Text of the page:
Sallow skin rolls over tired bones, coils of memory in spidering veins, quiver of eyelids over dreams. He is a stranger. Whiskers like tree bark as I kiss his paper cheek. Shuddering breath. Arms bruised to shades of red and purple. This is the colour of cancer. This is the colour of endings. This road is hard marked and pain-smoke billows from eyes once vibrant and laughing - now glassy and fading.
There are no comfort in words. He knows the truth of it even behind the false hope of a good day.
"Is heaven the same for everyone? I mean, will Grandpa's heaven be the same as my heaven?"
"There's only one heaven."
"But will it look different to Grandpa than it does to me? 'Cause we don't really like the same stuff. If heaven's cool for me, will it be boring for Grandpa? And will Grandpa be able to see us from there? And will his hair grow back? Will he still be old? Will Grandpa meet Moses?"
It's the waiting that's the killing. It's the good day's that make the bad day's debilitating. It's the knowing. Knowing that memories of sickness are all the children will have. If I could, I would wrap them up in a bubble and float them back to those days before. Before his body betrayed him. Before his humour was wasted. Before he lost vibrancy for weariness...
...Pastel walls hold us in this cradle of family, hung in portraits and flowers and pinks and blues, Dundalk beyond the panes, farting dogs upon the carpets. We sit around the dinning room table, eating cheesies, playing Aggravation. He never stops singing. He rolls the dice and sings his numbers - sings his counting - sings as he sends my marble back to the start. He is happy and silly. He blames the dog farts on me - blames me through song - throws back his head and laughs when I deny. "I like this one, Scotty - she's a good one!" His face is cracked in lines of happiness, creases of life-well-lived. I tease him. I mess up his hair - silver shocks of curling comb-over. If ever there was goodness in a man, it is here in tenor sing-song glory...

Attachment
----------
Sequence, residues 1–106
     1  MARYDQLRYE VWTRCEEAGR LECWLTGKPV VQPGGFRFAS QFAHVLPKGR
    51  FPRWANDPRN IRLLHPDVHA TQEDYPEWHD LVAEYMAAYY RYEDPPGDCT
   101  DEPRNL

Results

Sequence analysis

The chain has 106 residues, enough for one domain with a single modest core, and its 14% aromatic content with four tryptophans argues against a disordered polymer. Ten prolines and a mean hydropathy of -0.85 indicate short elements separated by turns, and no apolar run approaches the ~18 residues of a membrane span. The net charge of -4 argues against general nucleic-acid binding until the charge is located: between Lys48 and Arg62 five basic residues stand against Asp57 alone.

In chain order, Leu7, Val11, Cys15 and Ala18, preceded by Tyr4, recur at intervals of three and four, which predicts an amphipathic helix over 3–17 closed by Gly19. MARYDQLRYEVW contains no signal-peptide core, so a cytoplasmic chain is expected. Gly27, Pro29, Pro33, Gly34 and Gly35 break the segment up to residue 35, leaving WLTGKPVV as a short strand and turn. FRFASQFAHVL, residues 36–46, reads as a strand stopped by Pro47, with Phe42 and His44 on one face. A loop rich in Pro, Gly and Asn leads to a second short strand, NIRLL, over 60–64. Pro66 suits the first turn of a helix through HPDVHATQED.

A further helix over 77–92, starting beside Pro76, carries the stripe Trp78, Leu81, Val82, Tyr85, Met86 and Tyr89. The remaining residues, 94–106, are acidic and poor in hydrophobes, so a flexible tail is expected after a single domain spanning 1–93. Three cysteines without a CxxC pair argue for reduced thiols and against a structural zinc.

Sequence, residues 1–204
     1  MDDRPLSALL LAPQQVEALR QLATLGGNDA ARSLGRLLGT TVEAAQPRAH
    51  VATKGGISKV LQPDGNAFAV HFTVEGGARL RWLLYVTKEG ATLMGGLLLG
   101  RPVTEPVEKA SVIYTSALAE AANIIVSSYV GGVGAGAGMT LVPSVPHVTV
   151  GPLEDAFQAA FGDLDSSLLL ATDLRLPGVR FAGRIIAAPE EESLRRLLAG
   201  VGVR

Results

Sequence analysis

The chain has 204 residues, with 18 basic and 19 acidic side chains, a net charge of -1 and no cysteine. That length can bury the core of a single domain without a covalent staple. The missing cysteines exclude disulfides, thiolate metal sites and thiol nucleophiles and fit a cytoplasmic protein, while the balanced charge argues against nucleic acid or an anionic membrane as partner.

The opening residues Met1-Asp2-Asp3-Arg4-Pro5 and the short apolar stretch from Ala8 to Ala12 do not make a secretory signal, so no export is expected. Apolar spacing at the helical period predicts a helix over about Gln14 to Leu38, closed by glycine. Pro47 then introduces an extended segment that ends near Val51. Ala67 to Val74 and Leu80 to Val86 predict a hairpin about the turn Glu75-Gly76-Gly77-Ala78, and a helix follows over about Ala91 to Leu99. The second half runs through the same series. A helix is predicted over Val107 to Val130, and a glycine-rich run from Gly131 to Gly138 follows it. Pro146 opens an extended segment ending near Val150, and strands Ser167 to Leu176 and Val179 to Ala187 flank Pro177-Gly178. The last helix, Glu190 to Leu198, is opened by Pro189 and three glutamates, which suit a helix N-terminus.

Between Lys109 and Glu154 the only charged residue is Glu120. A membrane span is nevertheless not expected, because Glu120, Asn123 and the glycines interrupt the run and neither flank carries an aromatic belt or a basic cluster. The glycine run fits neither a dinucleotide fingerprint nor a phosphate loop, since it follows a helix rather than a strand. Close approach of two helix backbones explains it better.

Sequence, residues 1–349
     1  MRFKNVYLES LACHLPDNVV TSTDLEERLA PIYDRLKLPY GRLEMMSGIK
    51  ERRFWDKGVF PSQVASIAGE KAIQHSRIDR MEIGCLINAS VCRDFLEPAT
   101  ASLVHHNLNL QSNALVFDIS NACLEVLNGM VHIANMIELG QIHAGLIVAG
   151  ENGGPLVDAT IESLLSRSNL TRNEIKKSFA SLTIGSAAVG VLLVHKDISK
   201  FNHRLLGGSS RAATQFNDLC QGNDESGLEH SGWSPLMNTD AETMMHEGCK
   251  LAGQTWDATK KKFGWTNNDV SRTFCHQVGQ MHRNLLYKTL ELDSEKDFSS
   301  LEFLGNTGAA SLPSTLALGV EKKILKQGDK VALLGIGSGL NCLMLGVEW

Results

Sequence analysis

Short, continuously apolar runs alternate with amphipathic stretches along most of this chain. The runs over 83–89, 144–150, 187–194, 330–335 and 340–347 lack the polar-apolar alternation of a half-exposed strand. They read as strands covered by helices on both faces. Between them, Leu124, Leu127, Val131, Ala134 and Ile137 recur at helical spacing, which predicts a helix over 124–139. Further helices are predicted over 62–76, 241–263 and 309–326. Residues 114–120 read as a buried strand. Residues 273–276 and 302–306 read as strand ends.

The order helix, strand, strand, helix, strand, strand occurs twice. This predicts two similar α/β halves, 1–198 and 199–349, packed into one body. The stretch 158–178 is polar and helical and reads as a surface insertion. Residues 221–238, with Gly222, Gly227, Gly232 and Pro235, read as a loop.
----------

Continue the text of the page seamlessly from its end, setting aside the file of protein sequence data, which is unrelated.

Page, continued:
He fell in love with me in an instant. Thought me daughter long before law made it so. Trusted me with the heart of his youngest. Smiled over me. Laughed with me. Prayed for me.
There is a picture of us - washed in 90's sunlight on the cement pad of a motel pool. He all smiles and good health. I, awkward child in blue rugby pants and grandpa's tractor sweater, leaning into him, grinning at the camera. I want this picture. More than anything, I want to see his face the way I want to remember him. But I can't find it and that kills me. I have only the memories that fight with reality, morphing from mirth to the waiting that has us tense and fighting inevitability. What if, for one moment, we could have him as he was? Freeze-frame that vitality like a postcard - him caught in a moment of joy, skin rosy and alive - scratchy penmanship on the back...See you later, Alligator. And goodbye would be a silly joke - we'd laugh over it and hang it on the fridge under the pink pig magnet so we could see the postmark: Heaven - and be washed in peace and shinny memories.
I watch him snuggle the granddaughter he'll never see turn four. I watch his pain weigh heavy and wish him only peace. I don't know how to feel. I don't know what I'm allowed to feel. I do know that I love him. I do know that etching his goodness into my children is a responsibility I will take seriously.
"Do you think Grandpa will be happy in heaven? Like, will he play and stuff?"
"Will he miss us?"
"No. Missing is sad and heaven is happy. But he'll wait for us. We'll see him again."